Dec 13, 2019
I am so beyond excited to
introduce you to Nir Eyal, author of the fantastic new book
Indistractable, which I have mentioned a couple times on the
podcast already because..well...I haven’t been able to contain
myself! I also wrote about some of my learnings from his book in an
article from my Inc. column. Nir is awesome, and he was so engaging
to talk to. His writing has been featured in Fast Company,
Entrepreneur, Forbes, TechCrunch, The Harvard Business Review,
Psychology Today, Time and The Huffington Post to name a
You may have heard of his first
book, Hooked, which became an international phenomenon,
loved by everyone from Silicon Valley and beyond. He’s taught at
Stanford and sold a couple tech companies…I could list the
accolades for ages, but I think you get the idea. Nir is awesome
and I can’t wait for you to meet him as we talk about brains, goals
and being Indistractable. So without further ado, Nir, welcome to The
Brainy Business podcast!
- [03:10] Nir calls himself a
behavioral designer. He uses consumer psychology and behavioral
economics to change customer behavior through the technology that
we use. As well as helping people shape their own behavior by
understanding their cognitive characteristics.
- [03:41] His first book
Hooked was all about how to build habit-forming
products and create habits. Indistractable is about how to break habits and how to make
sure we can get the best out of these technologies without letting
them get the best of us.
- [04:24] Nir writes because he
wants to know the answer. With Hooked, he wanted to uncover the techniques that tech
companies use to make their product so habit forming. He wanted to
allow other industries to use these techniques to help form healthy
- [05:40] He wrote
Indistractable, because the products can be so well made it's
hard to stop ourselves from using them. That was the situation he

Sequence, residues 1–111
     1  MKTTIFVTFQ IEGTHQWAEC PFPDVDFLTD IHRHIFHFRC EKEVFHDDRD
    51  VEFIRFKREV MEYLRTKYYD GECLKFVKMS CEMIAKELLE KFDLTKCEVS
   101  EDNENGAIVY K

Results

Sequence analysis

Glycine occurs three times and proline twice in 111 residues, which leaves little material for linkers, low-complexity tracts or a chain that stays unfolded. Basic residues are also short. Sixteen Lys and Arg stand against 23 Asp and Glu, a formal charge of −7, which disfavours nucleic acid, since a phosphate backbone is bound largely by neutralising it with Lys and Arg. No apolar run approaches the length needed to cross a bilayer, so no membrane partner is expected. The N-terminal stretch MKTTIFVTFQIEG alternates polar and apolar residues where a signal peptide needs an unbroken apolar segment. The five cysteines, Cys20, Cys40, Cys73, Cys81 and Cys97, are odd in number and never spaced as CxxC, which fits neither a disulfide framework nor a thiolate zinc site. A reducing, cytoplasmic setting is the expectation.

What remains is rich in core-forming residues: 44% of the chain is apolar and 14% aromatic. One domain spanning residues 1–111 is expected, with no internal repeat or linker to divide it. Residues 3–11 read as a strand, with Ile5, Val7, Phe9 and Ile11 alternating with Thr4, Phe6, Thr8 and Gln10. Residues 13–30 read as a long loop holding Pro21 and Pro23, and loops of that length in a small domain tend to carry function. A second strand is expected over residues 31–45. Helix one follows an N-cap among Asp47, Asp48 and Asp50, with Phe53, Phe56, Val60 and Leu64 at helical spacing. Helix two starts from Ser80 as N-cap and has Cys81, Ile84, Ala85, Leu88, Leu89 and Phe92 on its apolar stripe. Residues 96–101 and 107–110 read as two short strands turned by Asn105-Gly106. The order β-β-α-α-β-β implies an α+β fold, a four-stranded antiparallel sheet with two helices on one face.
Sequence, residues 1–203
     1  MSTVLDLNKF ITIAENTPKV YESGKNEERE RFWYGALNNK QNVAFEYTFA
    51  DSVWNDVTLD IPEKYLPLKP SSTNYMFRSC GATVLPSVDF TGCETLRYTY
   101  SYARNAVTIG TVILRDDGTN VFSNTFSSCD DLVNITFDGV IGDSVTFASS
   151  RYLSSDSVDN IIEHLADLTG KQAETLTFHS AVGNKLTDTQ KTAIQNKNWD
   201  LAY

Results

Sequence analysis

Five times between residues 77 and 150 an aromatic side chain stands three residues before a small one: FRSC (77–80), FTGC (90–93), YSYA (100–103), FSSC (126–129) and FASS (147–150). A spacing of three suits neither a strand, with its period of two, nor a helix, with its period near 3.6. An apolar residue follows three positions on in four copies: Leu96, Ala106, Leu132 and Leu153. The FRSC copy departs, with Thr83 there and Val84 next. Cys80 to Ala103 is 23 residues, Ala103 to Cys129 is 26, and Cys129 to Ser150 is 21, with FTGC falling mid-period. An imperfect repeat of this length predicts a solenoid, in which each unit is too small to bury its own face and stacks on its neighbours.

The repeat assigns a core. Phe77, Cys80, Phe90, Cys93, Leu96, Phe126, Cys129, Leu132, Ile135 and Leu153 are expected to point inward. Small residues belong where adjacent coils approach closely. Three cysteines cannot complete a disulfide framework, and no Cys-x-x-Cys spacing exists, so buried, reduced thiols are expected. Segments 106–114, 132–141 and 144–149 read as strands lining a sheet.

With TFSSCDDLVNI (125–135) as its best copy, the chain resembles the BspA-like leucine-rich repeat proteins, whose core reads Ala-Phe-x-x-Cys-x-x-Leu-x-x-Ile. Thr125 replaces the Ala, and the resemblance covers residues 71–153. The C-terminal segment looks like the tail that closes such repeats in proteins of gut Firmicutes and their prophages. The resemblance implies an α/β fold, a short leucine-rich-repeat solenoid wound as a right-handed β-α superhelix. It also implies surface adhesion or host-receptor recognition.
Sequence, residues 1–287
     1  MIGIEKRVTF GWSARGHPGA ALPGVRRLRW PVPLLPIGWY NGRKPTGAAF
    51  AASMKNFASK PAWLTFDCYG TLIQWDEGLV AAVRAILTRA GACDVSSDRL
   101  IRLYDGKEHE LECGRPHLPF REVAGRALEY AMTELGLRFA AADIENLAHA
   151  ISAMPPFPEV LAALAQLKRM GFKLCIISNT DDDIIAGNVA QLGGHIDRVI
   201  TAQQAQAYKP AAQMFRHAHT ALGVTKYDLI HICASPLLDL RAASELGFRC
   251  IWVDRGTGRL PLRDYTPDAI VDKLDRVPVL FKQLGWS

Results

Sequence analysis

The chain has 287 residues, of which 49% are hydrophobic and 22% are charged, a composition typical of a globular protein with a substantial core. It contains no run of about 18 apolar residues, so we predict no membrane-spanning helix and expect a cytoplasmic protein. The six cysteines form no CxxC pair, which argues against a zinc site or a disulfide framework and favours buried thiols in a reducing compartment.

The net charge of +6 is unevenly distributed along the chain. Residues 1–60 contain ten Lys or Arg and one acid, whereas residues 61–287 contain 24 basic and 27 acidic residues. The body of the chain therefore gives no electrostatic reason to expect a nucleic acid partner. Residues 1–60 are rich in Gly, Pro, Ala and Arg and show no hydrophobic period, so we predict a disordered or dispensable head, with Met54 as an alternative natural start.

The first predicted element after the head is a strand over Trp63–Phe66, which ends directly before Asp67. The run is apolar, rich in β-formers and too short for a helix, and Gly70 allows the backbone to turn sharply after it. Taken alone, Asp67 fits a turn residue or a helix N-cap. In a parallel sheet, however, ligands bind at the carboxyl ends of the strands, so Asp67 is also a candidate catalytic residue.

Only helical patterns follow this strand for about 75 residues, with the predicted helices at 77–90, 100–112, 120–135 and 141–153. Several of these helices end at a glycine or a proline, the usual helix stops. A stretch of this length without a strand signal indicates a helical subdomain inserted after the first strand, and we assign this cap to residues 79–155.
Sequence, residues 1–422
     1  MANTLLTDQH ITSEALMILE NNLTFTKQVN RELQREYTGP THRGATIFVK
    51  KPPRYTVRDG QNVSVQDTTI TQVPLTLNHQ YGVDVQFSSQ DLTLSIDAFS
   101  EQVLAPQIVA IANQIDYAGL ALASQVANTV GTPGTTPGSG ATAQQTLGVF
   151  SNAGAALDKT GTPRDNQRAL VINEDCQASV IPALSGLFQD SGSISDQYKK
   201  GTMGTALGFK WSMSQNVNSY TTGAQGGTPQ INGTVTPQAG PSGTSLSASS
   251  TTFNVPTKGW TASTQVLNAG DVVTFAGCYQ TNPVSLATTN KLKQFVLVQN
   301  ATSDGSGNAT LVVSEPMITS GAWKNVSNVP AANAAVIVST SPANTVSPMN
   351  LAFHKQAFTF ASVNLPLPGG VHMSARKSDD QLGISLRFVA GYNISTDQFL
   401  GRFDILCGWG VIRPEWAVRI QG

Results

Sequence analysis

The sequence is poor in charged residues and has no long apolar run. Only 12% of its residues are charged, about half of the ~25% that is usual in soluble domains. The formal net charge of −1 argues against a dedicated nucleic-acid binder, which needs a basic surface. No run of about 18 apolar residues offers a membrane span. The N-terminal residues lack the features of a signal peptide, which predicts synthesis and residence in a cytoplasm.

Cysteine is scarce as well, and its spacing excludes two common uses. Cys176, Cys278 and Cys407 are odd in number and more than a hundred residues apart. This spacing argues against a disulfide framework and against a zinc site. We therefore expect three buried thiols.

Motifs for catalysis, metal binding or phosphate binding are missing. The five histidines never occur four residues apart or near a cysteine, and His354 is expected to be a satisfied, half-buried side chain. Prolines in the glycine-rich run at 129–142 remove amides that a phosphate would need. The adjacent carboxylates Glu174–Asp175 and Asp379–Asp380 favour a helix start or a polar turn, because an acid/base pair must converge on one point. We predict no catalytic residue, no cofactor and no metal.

- [06:40] He was using an
activity book with his daughter. There was a super power question,
and he missed his daughter's answer, because he was looking at his
phone. She actually left and went outside to
- [07:41] He decided to read
everything that was written about this problem. The answer in all
the books was to get rid of the tech. So he did. And...he
discovered that he still got distracted.
- [08:35] This is when he
realized the problem was much deeper than the technology. The
technology was a proximal cause or symptom of a larger
- [09:48] He decided to find an
answer that actually worked. We can find ways to get the best of
these tech tools without letting them get the best of
- [11:07] The opposite of
distraction is traction.
- [12:53] The best place to
understand distraction is to learn its opposite.
is an action that pulls you towards
what you want to do. A distraction pulls you away from what you want to
- [15:03] Tech tools aren't bad
if you use them on your schedule. We can turn anything into
traction as long as we make time for it.
- [16:42] Nir wanted to get down
to the root cause of identifying distraction and knowing what to do
- [17:11] Find out what prompts
towards traction or distraction. What are the
- [18:14] Our most common
triggers start from within. The real disease is that we are
uncomfortable with our emotions, so we let ourselves be
- [19:23] Why do we do what we
do? Our brain gets us to act by spurring
- [20:25] Motivation is spurred
by a desire to avoid discomfort.
- [21:11] We use distraction as
psychological pacification. Time management is pain management
unless we learn tactics to cope with discomfort. The first step is
to master these internal triggers.
- [22:50] People can become
addicted to anything from exercise to news. It's not about the
behavior. It's about what we are escaping from.
- [27:46] We were not designed by
evolution to be happy all the time. Constantly striving and craving
is what helped our species to progress.
- [28:21] We need to channel our
uncomfortable sensations towards traction (not
- [29:50] Step two to becoming
indistractable consists of three steps reimagine the task,
reimagine the trigger, and reimagine our temperament.
- [36:23] Our brain craves simple
answers which always get us into trouble. That's what's happening
with the boogey man of distraction.
- [39:04] Gum sales have gone
down since the iPhone has come out. We don't need gum to distract
- [40:01] If it's something you
are serving instead of it serving you...it's time to
- [41:06] Step number three is to
hack back the external triggers. Turn off phone notifications. Hack
back the open floor plan office.
- [42:31] Every copy of Nir's
book comes with a sign you can put on your monitor that says that
you are currently indistractable.
- [44:09] Nir's wife wears a
concentration crown to let her daughter know that she is
- [44:48] The fourth step is to
prevent distraction with pacts or commitments to stay on
- [46:05] Find one thing that you
can do to start the journey to become Indistractable.
- [48:00] The antidote to
impulsiveness is forethought.
Thanks for listening. Don’t
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what you heard, please leave a
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